Another is that the reason such migrants are so essential is to help compensate for the rising number of potential workers who are ‘economically inactive’ due to long-term sickness.
The numbers are quite dramatic. Taking migration first, the OBR has increased annual migration forecasts by 60 per cent, to over 200,000 a year up to 2027.
This is well above stated targets and, given the way the OBR closely co-operates with the UK Government, must have been acknowledged in discussions leading up to the Autumn Statement. The OBR states: “This upward revision reflects evidence of sustained strength in inward migration since the post-Brexit migration regime was introduced... and reflects discussions with the Home Office’s Migration Advisory Committee over what levels of net migration for the next several years might be consistent with the current migration regime.”
This leaves the UK Government’s position over immigration somewhat confused to say the least. Are such levels acceptable, as the Treasury and Home Office implicitly acknowledge, or unacceptable, as the Prime Minister and the Home Secretary have recently explicitly stated?
The OBR’s higher net migration assumption adds 0.6 per cent to the adult population by 2027, mainly of working age, and pretty much accounts for the rise in employment over the period 2023 to 2027. Furthermore, the OBR says: “Only the higher-than-expected numbers of migrants coming to the UK under the post-Brexit migration regime adds materially to prospects for potential output growth over the coming five years relative to the assumptions that we made in March.”
That’s a pretty strong hint suggesting that, given current conditions, you should take your growth opportunities where you find them. Nevertheless, the negative reaction to record UK inward migration numbers, including by the Labour Party, suggests that a battle awaits over whether or not this growth fillip remains viable.
Moving from the upside of migration to the downside of rising ill health, between February 2020 and August 2022, the number of people in the UK describing themselves as economically inactive rose by 630,000, of which 380,000 described themselves as “long-term sick”.
The sources of this rise are interesting. While older people – over 50 – still make up the majority of those inactive because of long-term sickness, the largest relative increases in recent years have been for those aged 25 to 34, with most citing poorer mental health, as opposed to being Covid related.
The underlying causes of the surge remain unconfirmed but fingers are starting to be pointed at increased NHS waiting lists, including for treatment of mental health issues. Moreover, the greater expansion of hospital waiting lists, compared to other countries, may well be linked to the very poor international performance of the UK labour market, post-Covid.
For Scotland, the inactivity figures look slightly different but still not good. It has not experienced much of an increase over the past couple of years but it did see a big jump up around 2016. Though the patterns are different, at 22 per cent, Scotland has a slightly higher economic inactivity rate than the UK as a whole and there are almost a quarter of a million people categorised as “long-term sick”. On NHS waiting lists, comparisons are tricky, but there is little evidence that Scotland is doing any better than the UK.
What are the implications of all this? For a start, while in previous recessions the worry has been more about how to get those looking for a job back into work, now it is how to get many of those who are inactive back into looking for work. This puts the emphasis more on reducing NHS waiting lists, not just for operations that allow for a return to physical fitness but also in terms of mental health interventions. Greater funding for community and employer support would also help with the latter.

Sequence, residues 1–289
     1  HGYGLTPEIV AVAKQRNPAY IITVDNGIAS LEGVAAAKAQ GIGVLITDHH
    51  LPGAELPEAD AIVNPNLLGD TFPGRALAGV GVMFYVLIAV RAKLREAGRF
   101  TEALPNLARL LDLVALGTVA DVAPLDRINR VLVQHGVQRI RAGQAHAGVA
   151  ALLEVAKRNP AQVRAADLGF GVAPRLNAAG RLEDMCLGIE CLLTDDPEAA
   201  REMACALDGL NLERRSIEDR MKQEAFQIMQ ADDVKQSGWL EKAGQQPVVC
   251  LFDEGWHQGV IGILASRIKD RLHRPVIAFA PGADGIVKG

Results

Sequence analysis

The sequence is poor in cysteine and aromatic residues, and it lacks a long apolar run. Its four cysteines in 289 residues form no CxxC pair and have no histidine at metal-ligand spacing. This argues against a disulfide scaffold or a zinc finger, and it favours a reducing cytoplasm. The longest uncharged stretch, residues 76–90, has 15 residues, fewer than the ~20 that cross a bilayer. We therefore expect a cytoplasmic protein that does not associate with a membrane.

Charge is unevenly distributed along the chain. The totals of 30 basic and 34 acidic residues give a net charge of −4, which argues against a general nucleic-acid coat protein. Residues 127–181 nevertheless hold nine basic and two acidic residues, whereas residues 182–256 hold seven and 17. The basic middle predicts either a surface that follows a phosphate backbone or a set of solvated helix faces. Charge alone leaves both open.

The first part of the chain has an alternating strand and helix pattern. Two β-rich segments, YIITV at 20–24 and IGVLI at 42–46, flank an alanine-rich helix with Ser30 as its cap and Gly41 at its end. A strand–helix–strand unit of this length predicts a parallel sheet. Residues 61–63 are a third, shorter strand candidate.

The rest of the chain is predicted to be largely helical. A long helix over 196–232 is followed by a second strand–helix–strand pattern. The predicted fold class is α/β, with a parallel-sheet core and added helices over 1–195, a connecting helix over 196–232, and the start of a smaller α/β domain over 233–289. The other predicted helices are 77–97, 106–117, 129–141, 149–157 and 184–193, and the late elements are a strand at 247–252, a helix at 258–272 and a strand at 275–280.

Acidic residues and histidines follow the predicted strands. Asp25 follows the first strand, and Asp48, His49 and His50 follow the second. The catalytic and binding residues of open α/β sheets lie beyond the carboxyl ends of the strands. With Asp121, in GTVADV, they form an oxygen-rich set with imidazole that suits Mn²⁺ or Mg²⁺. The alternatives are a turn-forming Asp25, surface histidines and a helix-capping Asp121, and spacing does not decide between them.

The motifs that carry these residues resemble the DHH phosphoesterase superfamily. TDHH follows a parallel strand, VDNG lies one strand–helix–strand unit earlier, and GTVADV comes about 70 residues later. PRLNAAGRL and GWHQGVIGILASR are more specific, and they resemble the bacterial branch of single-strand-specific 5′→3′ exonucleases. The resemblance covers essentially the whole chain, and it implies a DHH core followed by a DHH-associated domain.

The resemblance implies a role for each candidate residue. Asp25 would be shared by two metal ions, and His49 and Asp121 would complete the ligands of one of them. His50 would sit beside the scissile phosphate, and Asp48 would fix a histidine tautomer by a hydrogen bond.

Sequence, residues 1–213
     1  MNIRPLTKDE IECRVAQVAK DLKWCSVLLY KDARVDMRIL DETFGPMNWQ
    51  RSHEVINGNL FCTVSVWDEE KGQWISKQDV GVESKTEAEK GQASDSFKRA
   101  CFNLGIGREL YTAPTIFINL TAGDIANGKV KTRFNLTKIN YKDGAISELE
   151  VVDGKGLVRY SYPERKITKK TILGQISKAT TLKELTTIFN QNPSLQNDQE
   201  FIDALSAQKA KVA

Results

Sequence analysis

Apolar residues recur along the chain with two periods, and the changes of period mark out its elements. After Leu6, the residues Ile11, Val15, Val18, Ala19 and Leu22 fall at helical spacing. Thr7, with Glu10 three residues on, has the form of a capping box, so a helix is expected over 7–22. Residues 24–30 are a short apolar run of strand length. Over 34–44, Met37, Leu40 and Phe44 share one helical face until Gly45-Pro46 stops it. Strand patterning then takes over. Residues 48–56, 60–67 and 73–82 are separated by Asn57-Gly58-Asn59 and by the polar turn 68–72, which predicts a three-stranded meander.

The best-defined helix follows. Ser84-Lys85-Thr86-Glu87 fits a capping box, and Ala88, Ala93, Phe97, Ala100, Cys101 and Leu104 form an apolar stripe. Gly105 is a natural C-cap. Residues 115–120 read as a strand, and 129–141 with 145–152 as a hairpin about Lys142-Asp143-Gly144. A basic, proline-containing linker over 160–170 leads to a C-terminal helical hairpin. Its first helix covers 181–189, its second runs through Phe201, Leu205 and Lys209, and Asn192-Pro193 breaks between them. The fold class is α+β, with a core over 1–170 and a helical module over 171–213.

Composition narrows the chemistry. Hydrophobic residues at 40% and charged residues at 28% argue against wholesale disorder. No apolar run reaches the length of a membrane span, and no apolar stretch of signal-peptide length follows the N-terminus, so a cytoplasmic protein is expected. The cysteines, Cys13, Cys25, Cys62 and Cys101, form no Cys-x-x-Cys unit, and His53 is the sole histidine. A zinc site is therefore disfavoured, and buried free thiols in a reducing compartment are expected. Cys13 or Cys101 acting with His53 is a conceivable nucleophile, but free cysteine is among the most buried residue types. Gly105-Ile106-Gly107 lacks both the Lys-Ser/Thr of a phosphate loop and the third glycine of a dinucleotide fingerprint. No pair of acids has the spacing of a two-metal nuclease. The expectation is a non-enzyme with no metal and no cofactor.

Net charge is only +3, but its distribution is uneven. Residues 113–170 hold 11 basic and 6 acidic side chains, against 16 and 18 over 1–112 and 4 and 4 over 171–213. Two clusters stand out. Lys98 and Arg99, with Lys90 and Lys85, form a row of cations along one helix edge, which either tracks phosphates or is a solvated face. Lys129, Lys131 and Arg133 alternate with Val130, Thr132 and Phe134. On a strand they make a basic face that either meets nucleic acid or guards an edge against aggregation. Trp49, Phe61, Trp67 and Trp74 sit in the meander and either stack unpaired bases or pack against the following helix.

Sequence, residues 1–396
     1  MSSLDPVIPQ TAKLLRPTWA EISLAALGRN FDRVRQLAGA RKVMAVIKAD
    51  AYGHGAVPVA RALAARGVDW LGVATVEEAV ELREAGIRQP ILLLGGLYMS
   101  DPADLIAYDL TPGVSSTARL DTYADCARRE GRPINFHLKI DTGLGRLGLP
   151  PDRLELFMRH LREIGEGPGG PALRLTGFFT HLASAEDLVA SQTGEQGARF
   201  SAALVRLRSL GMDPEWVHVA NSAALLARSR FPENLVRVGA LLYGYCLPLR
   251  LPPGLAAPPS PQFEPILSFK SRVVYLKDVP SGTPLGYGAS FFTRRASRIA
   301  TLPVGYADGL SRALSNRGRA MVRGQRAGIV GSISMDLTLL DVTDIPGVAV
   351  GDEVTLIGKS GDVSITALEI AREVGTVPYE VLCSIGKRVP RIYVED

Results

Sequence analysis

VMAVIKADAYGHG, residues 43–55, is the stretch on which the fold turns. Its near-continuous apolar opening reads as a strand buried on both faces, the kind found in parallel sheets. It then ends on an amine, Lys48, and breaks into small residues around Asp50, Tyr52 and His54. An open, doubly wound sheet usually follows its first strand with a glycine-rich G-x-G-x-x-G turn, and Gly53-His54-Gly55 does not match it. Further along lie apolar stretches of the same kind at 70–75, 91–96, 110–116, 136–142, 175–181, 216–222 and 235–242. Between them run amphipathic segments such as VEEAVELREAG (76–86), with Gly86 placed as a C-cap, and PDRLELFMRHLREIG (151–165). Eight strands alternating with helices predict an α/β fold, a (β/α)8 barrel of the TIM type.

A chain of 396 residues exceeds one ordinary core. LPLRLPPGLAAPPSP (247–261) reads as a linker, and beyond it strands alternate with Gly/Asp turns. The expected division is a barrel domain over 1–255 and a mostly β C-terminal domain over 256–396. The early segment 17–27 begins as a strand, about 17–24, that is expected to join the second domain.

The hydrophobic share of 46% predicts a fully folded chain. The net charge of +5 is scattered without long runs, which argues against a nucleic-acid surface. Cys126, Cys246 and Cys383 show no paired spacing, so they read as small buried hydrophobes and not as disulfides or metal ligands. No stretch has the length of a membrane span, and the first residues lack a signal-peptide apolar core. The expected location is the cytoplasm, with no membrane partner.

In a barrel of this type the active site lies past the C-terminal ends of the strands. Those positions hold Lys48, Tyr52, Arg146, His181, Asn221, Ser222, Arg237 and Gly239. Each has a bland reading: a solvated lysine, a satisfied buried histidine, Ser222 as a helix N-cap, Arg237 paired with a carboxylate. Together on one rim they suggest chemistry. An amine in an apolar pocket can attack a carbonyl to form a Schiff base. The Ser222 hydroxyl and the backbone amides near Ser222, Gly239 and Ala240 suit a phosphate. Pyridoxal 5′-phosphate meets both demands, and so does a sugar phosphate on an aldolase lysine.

Fixing the NHS backlog and returning people to activity will also require more of the current job vacancies in the NHS and social care to be filled. The most obvious short-term solution for this is through increased migration, a policy that could also help other industries, like hospitality, to recover. The next few months, leading up to another inevitable UK Spring Budget, will determine whether these sensible routes to recovery will be taken or whether internal party concerns over raised levels of taxation and migration prevail.
In Scotland, the government remains largely a bystander with regards to migration policy, dependent on UK rules. Its aim should be to try and attract as many of the expected future migrants as possible. On inactivity, the Scottish Government has a greater role to play, principally by shortening NHS waiting times, especially in relation to mental health. The latter point is particularly relevant given the £38 million cut to mental health services this year, made by John Swinney at the time of the emergency budget statement. The restoration of this cut would seem to be a minimum requirement, and, ideally, a large funding increase for future years.
The bottom line is that, at present, raised levels of migration are vital to achieving, even unimpressive, economic growth. At the same time, raised health spending is needed to reduce waiting lists to allow domestic workers to get back into work and so raise future economic growth rates.
Brexit and Covid both make such aims more difficult to achieve. We are still in a period of transition from these big economic and social shocks. Governments need to act accordingly.
John McLaren is a political economist who has worked in the Treasury, the Scottish Office and for a variety of economic think tanks